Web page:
So far this year oil prices have risen by as much as $6 (Dh22) per barrel compared to the end of December 2011. There is better economic news from the US and Germany, Asian demand is still growing, and stocks have declined in industrial countries.
But the stronger driving force for the price appreciation is the evolution of the geostrategic situation in the Arabian Gulf region. Tensions are rising between Iran on one side and the US and Europe on the other.
Iran threats to close the strait of Hormuz have been met by counter threats to take action to keep the vital sea lane open. Such threats have not prevented the US and Europe from imposing further sanctions on Iran recently.
A new law in the US would penalise foreign financial entities dealing with Iran's central bank in oil trade by barring them from US financial markets. The US treasury secretary Geithner said "cutting off the central bank from the international financial system will reduce the earnings Iran derives from its oil exports." However, nations can be exempted if they demonstrate a "significant reduction" in Iranian oil imports, and Geithner also described the measure to be "in the early stages" and financial institutions have six months to comply before the US decides whether to impose sanctions.
The European Union has decided to impose an embargo on oil imports from Iran, a decision which is expected to become final by January 23. This will affect about half a million barrels a day of Iranian oil usually consumed in the European Union.
But implementation is likely to be gradual due to the need for south Europeans to find alternatives, especially after Europe's embargo on Syrian crude. It has been even suggested that European implementation may be delayed by six months for these reasons. The situation may be ameliorated by the quicker-than-expected return of Libyan oil. Gulf oil exporters, especially Saudi Arabia, are likely to increase production to counter any reduction in supplies from Iran.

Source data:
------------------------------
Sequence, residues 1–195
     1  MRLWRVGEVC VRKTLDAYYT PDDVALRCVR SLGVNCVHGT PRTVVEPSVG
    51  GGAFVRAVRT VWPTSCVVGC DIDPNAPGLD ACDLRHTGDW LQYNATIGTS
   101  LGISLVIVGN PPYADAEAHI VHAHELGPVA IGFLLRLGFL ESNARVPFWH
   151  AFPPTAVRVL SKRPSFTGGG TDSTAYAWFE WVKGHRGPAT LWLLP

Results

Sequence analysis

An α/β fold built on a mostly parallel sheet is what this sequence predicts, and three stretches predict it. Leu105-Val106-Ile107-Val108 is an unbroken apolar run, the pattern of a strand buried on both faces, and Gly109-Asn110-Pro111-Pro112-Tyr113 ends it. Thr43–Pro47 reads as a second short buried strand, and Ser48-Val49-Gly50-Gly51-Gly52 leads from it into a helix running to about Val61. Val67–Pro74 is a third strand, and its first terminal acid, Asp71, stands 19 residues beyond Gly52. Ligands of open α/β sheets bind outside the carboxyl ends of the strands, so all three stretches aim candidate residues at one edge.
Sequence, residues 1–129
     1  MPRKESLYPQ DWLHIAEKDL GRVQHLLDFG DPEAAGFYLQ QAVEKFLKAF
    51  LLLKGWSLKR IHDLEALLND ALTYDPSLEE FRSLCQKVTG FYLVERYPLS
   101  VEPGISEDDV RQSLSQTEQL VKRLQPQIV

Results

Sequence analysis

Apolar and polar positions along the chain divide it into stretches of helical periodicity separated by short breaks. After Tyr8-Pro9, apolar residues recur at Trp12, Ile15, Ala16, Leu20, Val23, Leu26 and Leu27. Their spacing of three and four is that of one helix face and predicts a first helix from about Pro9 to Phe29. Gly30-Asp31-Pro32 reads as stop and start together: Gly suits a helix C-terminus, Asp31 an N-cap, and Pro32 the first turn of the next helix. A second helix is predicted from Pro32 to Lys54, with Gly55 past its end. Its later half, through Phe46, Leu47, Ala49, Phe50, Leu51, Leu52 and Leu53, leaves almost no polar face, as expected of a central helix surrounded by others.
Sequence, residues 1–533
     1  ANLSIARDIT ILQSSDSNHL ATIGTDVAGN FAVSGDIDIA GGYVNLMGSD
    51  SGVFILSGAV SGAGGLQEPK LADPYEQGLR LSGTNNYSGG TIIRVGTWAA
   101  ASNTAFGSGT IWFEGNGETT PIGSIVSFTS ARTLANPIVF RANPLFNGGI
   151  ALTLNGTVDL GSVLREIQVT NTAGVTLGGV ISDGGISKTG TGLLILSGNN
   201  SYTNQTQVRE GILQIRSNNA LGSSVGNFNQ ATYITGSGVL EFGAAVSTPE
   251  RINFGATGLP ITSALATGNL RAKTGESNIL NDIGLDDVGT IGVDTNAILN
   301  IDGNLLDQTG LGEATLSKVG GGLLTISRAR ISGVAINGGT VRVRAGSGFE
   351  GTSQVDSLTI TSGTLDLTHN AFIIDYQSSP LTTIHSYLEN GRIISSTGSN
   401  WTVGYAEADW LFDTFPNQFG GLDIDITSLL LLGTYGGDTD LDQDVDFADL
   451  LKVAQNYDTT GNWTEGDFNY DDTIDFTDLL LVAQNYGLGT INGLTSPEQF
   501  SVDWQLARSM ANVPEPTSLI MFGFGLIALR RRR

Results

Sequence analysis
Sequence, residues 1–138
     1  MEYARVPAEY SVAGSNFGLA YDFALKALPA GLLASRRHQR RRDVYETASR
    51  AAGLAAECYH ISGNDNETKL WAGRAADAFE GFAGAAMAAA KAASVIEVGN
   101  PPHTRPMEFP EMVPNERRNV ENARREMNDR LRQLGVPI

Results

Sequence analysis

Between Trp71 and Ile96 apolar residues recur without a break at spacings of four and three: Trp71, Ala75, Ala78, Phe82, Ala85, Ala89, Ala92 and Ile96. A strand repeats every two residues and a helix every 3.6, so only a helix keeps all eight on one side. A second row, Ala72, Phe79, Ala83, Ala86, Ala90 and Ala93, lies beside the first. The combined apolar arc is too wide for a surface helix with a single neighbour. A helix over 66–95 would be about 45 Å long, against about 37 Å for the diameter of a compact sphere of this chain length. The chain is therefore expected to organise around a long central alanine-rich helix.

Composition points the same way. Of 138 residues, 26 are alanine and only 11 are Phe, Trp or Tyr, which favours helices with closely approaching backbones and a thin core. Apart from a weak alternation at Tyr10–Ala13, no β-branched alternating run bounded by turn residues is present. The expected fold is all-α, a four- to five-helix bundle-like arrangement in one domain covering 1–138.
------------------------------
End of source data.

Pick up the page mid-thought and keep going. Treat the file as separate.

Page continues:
The US is trying to convince other countries that it is serious about its policy towards imports from Iran.
Japan has already decided to reduce its imports from Iran, in a "planned manner" even before the Geithner visited Japan recently. Japan is reported to have made overtures to the UAE and Saudi Arabia to provide it with more oil.
South Korea is likely to follow Japan's example as they are US allies and depend on US military power, though both nations are reported to be unhappy with all this, and Japan is especially afraid that oil prices might increase significantly and thereby affect its economic recovery.
Diplomacy has an oil angle these days, and Japan's Minister of Foreign Affairs Koichiro Gemba is touring the Middle East, asking producing countries, to increase oil production and at the same time urging Iran to refrain from its threats to close the Strait of Hormuz.
India, Iran's second biggest customer in Asia, is said to have told its refiners to reduce Iranian oil imports and find alternatives.
But this contrasts with China's public silence on the matter during Geithner's visit.
China's response was vague because it might find it difficult to replace 600,000 barrels a day it imports from Iran. China has been persistently against sanctions imposed unilaterally. But China is worried about its banks and how they may suffer if they continue to deal with Iran, and how all this might reflect on China's exports to the US. There are reports of reduced imports from Iran this month, but some analysts believe this is because of a price dispute, something unlikely given Iran's situation.
Here again, diplomacy is in play as the Chinese premier Wen Jiabao is visiting the Gulf countries soon after his meeting with Geithner in Beijing. While China needs Iranian crude, its energy relations with Saudi Arabia are on the rise and its oil company is becoming a partner in the new Yanbu refinery.
The Chinese leader could be seeking additional supplies from Saudi Arabia, the UAE and Qatar. Wen is scheduled to give a speech about China's energy policy at the World Future Energy Summit in Abu Dhabi, but most analysts tie his visit to the supply of oil to China and to seek the views of the visited countries about the situation, especially as China has reiterated its opposition to the Iranian threats.
The writer is the former head of Energy Studies Department in Opec Secretariat in Vienna.